[i]With all forced induction motors you have to make sure that where there is an increase in positive manifold pressure that there is enough fuel being supplied to prevent leaning out. [/i]
[i]There are two common types of fuel injectors, Pintle and Disc. Pintle injectors have a superior spray pattern to disc actuated injectors, but disc injectors are less expensive and generally flow large amounts of fuel easily. If possible, always choose high flow Pintle style injectors, as fuel atomization at anything other than full throttle (high velocity port flow) is superior, leading to better drivability and economy.
View our range of fuel injectors here.
[i]Generally if the injector duty cycle goes beyond 80% (meaning the injector is open and firing over 80% of the time), you should upgrade. Fuel injector performance can become unstable beyond this point, plus it doesn’t pay to have a proper sequential fuel injection system working as a simple always open spray nozzle. Of course upgrading their size is only one way to add more fuel, and although a very good idea, it works best on car’s that can be easily retuned to work with them. In the case of MAF cars (Mass Air Flow sensor), system recalibration is generally just a matter of changing the sensor (many of the available larger sensors offer multiple calibrations). For speed density fuel injection systems (the other type of airflow sensing), its generally necessary to have an ECU capable of recalibrating it’s fuel tables for different injector flow rates. This is a problem mainly for the Honda people out there (all of which come with speed density systems), in which case you should think seriously about giving Zdyne or Hondata a call. Both offer very nice programmable ECU systems capable of keeping a big time forced induction motor running reliably and strong. Or, you can read on and see a few other ways to increase fuel flow without changing injector size.[/i]
[b]Fuel Pressure Regulators.[/b]
[i]All fuel injected motors have high line pressures, generally somewhere in the area of 25-40 psi. Changes to the line pressure will have a direct effect on total fuel flow from the injectors, but it’s important to realize this pressure vs. flow relationship is NOT linear. By one estimate I have read, to double fuel flow through an injector you must quadruple the line pressure. However most fuel systems will not tolerate more than 60-100 psi of pressure (even with upgraded fuel pumps; more on this in a moment), so just know that changing fuel pressure works great until you need to add anything over about 50% more fuel, at which point you need to do something else besides simple line pressure changes. Most aftermarket fuel pressure regulators are simply adjustable with a screw (where you will need a fuel pressure gauge to know how much you’ve changed things), and are very easy to install. However in the case of forced induction motors, what you need is not the simple adjustable regulator. You need to find a rising rate Fuel Pressure Regulator that can vary fuel pressure according to boost levels.
View our range of fuel pressure regulators here. [/i]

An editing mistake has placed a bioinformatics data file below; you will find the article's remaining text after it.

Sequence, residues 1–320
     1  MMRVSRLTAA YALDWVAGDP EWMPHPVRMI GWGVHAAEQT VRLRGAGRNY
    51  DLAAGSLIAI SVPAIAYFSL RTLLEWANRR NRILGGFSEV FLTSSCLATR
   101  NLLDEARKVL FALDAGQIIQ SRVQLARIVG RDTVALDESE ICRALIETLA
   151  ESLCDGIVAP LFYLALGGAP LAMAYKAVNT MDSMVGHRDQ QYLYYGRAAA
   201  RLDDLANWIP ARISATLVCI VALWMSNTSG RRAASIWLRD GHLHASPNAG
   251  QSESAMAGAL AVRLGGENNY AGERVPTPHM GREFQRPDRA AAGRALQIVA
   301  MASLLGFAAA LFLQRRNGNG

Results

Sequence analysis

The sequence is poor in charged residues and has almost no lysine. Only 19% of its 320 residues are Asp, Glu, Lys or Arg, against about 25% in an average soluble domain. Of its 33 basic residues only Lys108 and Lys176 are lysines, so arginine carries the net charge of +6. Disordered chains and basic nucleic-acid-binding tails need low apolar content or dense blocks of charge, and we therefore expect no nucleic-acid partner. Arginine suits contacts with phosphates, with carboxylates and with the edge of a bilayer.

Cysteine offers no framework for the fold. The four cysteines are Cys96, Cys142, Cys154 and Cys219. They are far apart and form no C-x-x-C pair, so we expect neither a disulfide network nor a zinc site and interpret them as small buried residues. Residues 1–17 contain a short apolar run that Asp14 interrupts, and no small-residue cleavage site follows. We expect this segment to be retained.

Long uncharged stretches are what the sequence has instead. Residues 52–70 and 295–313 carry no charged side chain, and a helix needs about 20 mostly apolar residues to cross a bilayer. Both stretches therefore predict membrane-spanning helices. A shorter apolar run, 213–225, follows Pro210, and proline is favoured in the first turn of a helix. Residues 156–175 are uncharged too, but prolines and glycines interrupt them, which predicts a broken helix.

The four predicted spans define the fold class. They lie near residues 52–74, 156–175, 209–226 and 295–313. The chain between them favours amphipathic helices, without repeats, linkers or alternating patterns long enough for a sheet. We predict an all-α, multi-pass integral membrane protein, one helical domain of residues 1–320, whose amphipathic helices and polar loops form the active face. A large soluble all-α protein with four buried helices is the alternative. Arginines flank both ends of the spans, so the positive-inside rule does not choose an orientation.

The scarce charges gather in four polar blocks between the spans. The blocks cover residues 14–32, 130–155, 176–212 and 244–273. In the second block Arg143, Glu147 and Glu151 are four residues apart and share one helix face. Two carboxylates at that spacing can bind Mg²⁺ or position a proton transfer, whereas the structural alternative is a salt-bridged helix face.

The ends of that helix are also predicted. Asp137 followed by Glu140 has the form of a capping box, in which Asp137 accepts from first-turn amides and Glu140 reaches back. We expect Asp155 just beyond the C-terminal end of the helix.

[i]There are two common choices to what fuel pump setup you can choose to run, internal and external pumps. Internal (the pump is located in the fuel tank) pumps are quieter and sometimes easier to install than external pumps, being that they are more like factory replacements than add-ons. External pumps (which are located somewhere on the fuel line, usually as close to the tank as possible) usually offer the highest flow potential. Additionally, there are two things to remember when talking about pump choice and placement. First, pumps like to push fuel, not pull it, so always mount the pump as close to the fuel supply as possible. Second, fuel pump flow drops as fuel line pressure increases, and this is again not linear. Pumps are judged not only by how much fuel they can ultimately flow, (being Liters Per Hour), but also by how much fuel they can flow at given line pressures.
View our range of fuel pumps here. [/i]
[i]Fuel controllers (I use this term to describe any electronic controller designed specifically for fuel tuning) come in a few different forms, some modifying ECU input data, and most modifying ECU output data. Every one’s purpose is to somehow manipulate injector pulse width to tailor fuel delivery, and they work very well to that end for WOT (Wide Open Throttle) tuning. What they offer is the ability to ultimately control injector duty cycle, and hence the ability to easily tune fuel delivery for maximum performance.[/i]
[i]The only problem with fuel controllers is there usual lack of ability to be tuned for anything other than WOT engine operation, but since we like to keep the go pedal on the floor, this usually isn’t much of a problem J. Fuel controllers let us tune the fuel delivery curve with precision Fuel Pressure Regulators can only dream of, and in most applications they work so well that even solidly tuned combos will see power and mileage gains through their use. These relatively new inventions basically “piggy back” standard ECU tuning, letting the ECU do the fuel delivery work until full throttle is called upon, where they step in to modify ECU signal (in the case of controllers that modify ECU output data) or modify the airflow signal (in the case of controllers that “lie” to the ECU to get the desired fuel delivery from it) to let us modify fuel delivery. This is a very good idea because all that time spent tuning the stock ECU to work perfectly at idle and most throttle openings and RPM (other than WOT) is left intact, with our tuning only taking effect when things really start to stretch whatever setups the factory had in mind. All can offer fuel delivery tuning accurate enough for serious performance applications, and all can be very cost effective when compared to complete engine management systems. [/i]